Depression

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Depression

Period when excess aggregate supply overwhelms aggregate demand, resulting in falling prices, unemployment problems, and economic contraction.
Copyright © 2012, Campbell R. Harvey. All Rights Reserved.

Depression

A particularly long and/or deep recession. While there is no technical definition of a depression, conventionally it is defined as a period featuring severe declines in productivity and investment and particularly high unemployment. During the Great Depression, for example, GDP in the United States dropped 12% between 1929 and 1930 and a further 16% the following year. Likewise, unemployment rose to more than 25% nationwide and higher in some places.
Farlex Financial Dictionary. © 2012 Farlex, Inc. All Rights Reserved

Depression.

A depression is a severe and prolonged downturn in the economy. Prices fall, reducing purchasing power. There tends to be high unemployment, lower productivity, shrinking wages, and general economic pessimism.

Since the Great Depression following the stock market crash of 1929, the governments and central banks of industrialized countries have carefully monitored their economies. They adjust their economic policies to try to prevent another financial crisis of this magnitude.

Dictionary of Financial Terms. Copyright © 2008 Lightbulb Press, Inc. All Rights Reserved.

depression

see BUSINESS CYCLE.
Collins Dictionary of Business, 3rd ed. © 2002, 2005 C Pass, B Lowes, A Pendleton, L Chadwick, D O’Reilly and M Afferson

depression

a phase of the BUSINESS CYCLE characterized by a severe decline (slump) in the level of economic activity (ACTUAL GROSS NATIONAL PRODUCT). Real output and INVESTMENT are at very low levels and there is a high rate of UNEMPLOYMENT. A depression is caused mainly by a fall in AGGREGATE DEMAND and can be reversed provided that the authorities evoke expansionary FISCAL POLICY and MONETARY POLICY. See DEFLATIONARY GAP, DEMAND MANAGEMENT.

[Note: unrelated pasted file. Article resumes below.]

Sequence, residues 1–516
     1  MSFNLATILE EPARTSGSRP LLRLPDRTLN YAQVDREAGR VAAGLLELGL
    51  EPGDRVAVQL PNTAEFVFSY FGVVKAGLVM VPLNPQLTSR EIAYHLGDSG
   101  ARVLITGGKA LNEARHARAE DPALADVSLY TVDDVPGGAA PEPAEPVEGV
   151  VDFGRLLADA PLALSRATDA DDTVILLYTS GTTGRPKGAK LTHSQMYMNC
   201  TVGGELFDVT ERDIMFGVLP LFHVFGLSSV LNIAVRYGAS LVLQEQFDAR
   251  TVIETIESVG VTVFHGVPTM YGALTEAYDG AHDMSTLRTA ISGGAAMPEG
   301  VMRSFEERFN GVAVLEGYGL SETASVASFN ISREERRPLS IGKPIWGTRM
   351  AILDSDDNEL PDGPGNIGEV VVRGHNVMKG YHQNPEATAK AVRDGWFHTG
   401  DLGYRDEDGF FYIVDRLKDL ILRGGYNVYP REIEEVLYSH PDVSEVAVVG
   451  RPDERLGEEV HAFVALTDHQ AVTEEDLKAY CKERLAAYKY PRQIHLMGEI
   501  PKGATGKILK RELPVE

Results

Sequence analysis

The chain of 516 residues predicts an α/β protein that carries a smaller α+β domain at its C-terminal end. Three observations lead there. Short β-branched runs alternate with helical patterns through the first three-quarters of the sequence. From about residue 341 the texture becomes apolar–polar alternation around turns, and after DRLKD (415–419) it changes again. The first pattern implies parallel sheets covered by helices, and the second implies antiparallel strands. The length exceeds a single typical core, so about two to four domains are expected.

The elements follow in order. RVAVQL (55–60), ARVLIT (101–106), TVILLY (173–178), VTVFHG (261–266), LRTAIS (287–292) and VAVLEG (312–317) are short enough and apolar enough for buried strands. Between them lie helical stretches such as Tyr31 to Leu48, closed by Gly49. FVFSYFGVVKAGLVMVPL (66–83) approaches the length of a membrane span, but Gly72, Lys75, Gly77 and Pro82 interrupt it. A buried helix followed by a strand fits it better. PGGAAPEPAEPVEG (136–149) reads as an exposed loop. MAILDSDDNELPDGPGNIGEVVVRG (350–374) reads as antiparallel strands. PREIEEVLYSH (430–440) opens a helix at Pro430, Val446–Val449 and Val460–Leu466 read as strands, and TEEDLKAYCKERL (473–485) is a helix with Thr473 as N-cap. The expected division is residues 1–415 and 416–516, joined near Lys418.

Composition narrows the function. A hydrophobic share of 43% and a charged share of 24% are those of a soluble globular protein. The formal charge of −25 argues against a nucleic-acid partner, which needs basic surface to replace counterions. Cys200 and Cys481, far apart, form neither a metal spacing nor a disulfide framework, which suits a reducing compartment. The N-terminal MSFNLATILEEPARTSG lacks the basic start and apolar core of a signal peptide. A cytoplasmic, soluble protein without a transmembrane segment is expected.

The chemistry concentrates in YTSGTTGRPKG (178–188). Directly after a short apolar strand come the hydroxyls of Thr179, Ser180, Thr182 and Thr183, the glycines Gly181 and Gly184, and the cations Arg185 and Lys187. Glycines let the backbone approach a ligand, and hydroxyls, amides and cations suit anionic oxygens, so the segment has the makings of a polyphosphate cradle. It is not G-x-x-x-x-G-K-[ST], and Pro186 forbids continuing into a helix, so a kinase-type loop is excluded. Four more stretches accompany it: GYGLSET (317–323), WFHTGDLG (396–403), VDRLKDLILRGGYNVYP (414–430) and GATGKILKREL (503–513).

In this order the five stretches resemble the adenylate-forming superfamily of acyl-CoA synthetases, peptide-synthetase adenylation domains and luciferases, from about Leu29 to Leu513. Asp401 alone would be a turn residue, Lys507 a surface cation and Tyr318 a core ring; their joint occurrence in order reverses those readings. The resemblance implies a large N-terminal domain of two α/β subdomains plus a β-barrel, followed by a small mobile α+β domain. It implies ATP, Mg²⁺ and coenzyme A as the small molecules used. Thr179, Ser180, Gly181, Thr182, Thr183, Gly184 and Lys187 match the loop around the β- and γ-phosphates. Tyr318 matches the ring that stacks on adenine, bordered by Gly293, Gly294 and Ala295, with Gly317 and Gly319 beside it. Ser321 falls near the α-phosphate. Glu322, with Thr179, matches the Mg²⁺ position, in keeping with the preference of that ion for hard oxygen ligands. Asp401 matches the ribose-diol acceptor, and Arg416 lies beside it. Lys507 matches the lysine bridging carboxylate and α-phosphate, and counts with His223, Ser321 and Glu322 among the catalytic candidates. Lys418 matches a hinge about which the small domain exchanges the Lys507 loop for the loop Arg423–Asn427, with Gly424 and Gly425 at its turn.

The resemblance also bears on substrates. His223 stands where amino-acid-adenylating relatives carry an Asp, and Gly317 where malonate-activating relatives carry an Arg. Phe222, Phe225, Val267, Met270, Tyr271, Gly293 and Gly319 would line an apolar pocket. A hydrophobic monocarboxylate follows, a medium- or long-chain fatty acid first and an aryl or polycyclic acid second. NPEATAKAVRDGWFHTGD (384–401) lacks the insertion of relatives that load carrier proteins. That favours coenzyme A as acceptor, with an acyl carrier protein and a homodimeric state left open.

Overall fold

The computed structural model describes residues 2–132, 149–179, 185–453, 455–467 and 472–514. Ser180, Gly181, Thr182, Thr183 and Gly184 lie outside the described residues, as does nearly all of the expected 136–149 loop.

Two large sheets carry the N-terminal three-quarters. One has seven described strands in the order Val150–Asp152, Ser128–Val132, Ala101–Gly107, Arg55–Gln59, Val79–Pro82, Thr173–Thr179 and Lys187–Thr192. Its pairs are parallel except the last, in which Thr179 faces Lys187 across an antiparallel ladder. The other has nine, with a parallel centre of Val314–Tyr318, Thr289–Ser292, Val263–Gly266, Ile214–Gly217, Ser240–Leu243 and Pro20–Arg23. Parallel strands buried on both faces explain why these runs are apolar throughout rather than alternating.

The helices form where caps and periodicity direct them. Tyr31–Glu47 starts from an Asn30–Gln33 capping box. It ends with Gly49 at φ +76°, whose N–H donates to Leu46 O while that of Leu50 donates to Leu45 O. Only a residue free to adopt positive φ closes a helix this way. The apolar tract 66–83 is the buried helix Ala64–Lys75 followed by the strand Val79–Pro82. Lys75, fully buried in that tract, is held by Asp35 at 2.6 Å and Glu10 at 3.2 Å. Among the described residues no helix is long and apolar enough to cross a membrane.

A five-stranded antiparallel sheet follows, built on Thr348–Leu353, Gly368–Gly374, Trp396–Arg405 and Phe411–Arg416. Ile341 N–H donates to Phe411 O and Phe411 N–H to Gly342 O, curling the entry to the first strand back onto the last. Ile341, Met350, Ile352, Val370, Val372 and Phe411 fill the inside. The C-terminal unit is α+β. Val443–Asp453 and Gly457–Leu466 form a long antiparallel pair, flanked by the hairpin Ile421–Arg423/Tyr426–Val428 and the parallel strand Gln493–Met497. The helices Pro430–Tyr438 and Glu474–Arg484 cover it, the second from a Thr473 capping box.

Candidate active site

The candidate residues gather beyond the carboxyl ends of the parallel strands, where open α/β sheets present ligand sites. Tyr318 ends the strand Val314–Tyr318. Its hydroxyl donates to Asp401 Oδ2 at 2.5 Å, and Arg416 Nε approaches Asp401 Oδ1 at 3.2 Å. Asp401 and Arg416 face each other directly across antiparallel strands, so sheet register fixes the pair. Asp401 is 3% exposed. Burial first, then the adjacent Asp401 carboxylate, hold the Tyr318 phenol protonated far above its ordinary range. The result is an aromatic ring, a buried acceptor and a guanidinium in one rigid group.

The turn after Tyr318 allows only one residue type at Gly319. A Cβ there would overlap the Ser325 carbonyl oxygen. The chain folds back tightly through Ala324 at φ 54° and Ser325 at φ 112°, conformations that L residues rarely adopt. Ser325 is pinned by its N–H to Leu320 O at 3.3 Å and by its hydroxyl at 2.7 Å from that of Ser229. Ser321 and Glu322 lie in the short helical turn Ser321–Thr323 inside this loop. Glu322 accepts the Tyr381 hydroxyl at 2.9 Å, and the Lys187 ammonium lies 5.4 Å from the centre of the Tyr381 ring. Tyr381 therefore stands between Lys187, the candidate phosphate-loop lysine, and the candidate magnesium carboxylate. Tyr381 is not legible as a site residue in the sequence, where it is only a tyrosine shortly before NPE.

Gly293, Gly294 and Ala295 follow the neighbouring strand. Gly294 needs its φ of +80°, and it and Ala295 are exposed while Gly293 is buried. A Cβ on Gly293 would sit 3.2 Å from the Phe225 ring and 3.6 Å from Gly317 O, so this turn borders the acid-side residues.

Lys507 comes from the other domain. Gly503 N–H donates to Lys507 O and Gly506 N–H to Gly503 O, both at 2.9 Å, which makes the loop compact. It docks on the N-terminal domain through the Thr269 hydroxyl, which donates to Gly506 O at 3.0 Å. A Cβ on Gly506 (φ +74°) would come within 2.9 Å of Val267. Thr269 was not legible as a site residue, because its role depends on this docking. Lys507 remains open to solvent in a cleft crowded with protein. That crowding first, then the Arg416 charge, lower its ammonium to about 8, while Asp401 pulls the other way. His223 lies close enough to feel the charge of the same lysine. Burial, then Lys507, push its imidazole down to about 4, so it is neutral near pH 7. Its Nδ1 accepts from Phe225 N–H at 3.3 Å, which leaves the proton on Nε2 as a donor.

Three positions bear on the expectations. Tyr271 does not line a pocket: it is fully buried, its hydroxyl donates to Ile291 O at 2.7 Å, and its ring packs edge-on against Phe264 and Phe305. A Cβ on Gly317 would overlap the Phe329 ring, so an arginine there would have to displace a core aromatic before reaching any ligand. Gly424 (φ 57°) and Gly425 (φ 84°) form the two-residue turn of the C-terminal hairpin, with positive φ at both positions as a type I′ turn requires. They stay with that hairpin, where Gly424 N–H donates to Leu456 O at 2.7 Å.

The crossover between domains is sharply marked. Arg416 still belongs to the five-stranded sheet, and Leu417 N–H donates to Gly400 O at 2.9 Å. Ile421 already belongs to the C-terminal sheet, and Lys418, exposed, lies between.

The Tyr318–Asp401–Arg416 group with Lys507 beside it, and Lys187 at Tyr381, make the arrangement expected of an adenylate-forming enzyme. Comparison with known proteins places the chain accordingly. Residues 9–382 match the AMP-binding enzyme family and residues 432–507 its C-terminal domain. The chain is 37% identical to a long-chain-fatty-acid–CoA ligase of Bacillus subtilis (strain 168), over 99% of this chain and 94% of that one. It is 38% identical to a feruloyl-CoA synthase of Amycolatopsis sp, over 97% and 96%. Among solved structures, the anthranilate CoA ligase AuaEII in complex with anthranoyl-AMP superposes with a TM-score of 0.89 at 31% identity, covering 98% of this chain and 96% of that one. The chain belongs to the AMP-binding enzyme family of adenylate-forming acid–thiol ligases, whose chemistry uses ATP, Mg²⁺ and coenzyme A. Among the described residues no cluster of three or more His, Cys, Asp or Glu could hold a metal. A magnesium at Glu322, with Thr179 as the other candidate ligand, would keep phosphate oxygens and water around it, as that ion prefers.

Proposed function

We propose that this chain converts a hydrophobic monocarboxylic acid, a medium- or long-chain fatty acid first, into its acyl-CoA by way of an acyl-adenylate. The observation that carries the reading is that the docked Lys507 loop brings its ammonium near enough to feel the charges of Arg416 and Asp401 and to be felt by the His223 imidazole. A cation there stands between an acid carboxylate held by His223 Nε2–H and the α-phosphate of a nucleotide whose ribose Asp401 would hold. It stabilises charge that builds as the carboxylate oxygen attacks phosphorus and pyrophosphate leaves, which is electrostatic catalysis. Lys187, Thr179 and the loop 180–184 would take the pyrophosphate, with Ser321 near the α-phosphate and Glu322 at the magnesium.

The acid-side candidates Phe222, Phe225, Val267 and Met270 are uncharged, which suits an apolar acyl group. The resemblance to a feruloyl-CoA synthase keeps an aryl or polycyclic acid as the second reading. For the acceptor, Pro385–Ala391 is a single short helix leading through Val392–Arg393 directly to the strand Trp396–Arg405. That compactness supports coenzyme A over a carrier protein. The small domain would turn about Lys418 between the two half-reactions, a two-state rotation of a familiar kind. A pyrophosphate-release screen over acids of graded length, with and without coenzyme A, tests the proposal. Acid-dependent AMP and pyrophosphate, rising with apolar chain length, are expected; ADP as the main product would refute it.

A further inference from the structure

Collins Dictionary of Economics, 4th ed. © C. Pass, B. Lowes, L. Davies 2005
References in periodicals archive ?
First part was consisted of personal data, Second part included 21 questions of Beck Depression Inventory Scale.
Results: Main result showed that the prevalence of depression among ER Physicians was 47%.
Depression has been found to run in families (Rice, Harold, Thapar, November, 2002).
The cycle of pain that led to inactivity from which flowed anergy and mood depression is a paradigm that has to be understood to give treatment regimens a sound therapeutic rationale.
Psychiatrists have taken the position that the apparent increase in the incidence of depression is just a mirage--that this much depression has always been present in the population; it is simply better diagnosis and the decreased stigma associated with our treatments that are responsible for the escalating numbers of reported depressed people.
According to market analyst Larry Kudlow, "[R]isk aversion is clearly sweeping through the markets, and bank requests for fresh money from the Federal Reserve are rising." In fact, reported Kudlow, on July 24th the economy "dodged a bullet" when "a threatened run on the banks -- on top of the plummeting stock market -- was halted." The prospect of a simultaneous market crash and bank run conjures up the specter that some market watchers have started to discuss, albeit in furtive whispers: another great depression.
"These findings could mean that there are endogenous depressions that, once started, just keep perking along without significant environmental stress," holds Myrna M.
Patients with mood disorders, also called affective disorders, suffer from depression. In contrast to "the blues" that we all go through, a depressive episode is a true illness, often referred to as clinical depression.
Kripke of the University of California, San Diego, bright light benefited 25 male veterans hospitalized for severe, nonseasonal depression. The men stayed in a room illuminated with 1,600 watts of bright white light between 8 p.m.
Some depressions may respond best to electro-convulsive therapy.
(just outside Washington, D.C.), 18 people reported symptoms of recurring winter depression and three fulfilled criteria for summer depression.
Bipolar disorder--which is also known as manic-depressive illness and will be called by both names throughout this publication--is a mental illness involving episodes of serious mania and depression. The person's mood usually swings from overly "high" and irritable to sad and hopeless, and then back again, with periods of normal mood in between.

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